With so much choice and so many different makes shapes and sizes choosing a starter drum set can be a daunting task.
There is a huge range of drum sets out there to choose from but what are the factors that make one kit different from another.
The two types of basic kit.
1. The standard Rock Kit – Suited for … huh … well rock / metal / indie etc
2. The Fusion Kit – is more typically (although not exclusively) used in jazz music. Mainly because the drum sizes are smaller offering higher drum tones.
Typically for a starter drum set most people go for the rock kit. This is basically because there is more choice available in the beginners drum set range!
So, my advice for a beginners drum set is opt for the ROCK KIT….you won’t be disappointed and they sound great!
Elements of the drum kit.
Drum kits come in all shapes, colors, sizes, finishes, woods etc etc. But where should you start and what is right for you? Well we’ve established that a rock kit might be the best place to start but what are the elements that make up a drum kit?
The Standard 5 piece drum kit.
Many new drummers (and veterans) often get confused by the term ‘5 piece drum kit’ but it is actually very simple. 5 piece means 5 individual drums elements.
1. Bass Drum
3. Small Tom
4. Large Tom
5. Floor Tom
Above is a picture of a 5 piece Pearl, Forum drum kit with cymbals and accessories. The Forum is considered to be one of the best quality entry-level drum set in the world
Cymbals and Hardware
So what’s missing ‘cos I’m sure something is? We still need to add all the hardware and the cymbal(s).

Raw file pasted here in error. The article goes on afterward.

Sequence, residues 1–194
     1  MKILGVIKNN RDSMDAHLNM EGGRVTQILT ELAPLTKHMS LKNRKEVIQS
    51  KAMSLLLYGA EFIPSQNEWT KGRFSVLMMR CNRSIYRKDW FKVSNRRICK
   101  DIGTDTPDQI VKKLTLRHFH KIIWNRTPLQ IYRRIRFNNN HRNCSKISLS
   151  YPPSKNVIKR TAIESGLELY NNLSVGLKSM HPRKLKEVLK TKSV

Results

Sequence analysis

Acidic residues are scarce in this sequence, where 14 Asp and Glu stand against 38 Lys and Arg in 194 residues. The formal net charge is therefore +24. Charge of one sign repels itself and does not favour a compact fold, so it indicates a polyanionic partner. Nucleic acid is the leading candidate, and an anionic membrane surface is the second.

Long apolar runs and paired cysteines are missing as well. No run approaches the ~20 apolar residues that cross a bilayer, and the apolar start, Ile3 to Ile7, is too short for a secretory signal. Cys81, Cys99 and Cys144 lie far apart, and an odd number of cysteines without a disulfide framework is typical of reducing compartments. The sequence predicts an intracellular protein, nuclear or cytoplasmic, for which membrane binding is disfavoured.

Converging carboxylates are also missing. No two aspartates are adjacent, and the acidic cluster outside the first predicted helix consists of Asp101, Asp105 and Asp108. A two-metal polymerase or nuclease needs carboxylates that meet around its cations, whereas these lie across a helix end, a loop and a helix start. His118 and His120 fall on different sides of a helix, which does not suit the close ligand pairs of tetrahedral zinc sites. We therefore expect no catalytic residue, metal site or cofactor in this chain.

In addition to the five pieces above we must also add all hardware and any additional cymbals. For a beginner drum set one to two cymbals are usually added plus the essential hi-hats.
Hi-Hat – Two Cymbals that are placed on a stand together direct to your left.
Ride Cymbal – Large Cymbal usually place to your right of the drum kit.
Crash Cymbal – Slightly smaller than the ride and if one crash is owned placed on you left side of the kit.
The above information assumes your set up the drum kit for right handed playing. If you are left handed set the cymbals up the opposite way round.
Cymbal Stands (number depends on how many cymbals you have?).
Snare drum stand.
Hi-Hat Stand – Holds the hi-hat cymbals that are mounted on the stand one on top of the other. The stand has a foot pedal and when depressed draws the two hat cymbals together.
Bass Drum Pedal – Attaches to the bass drum
Throne or for peasants like a Drum Stool – It’s worth buying a drum stool rather than opting for that beat up office chair because a drum stool can be adjusted and will aid posture which in turns has a big impact on your technique.
Drum Key – Your number one tool as it will keep you kit in tune.
Phew! Quite a shopping list but there are now many great deals out there that allow you to buy the lot in one go!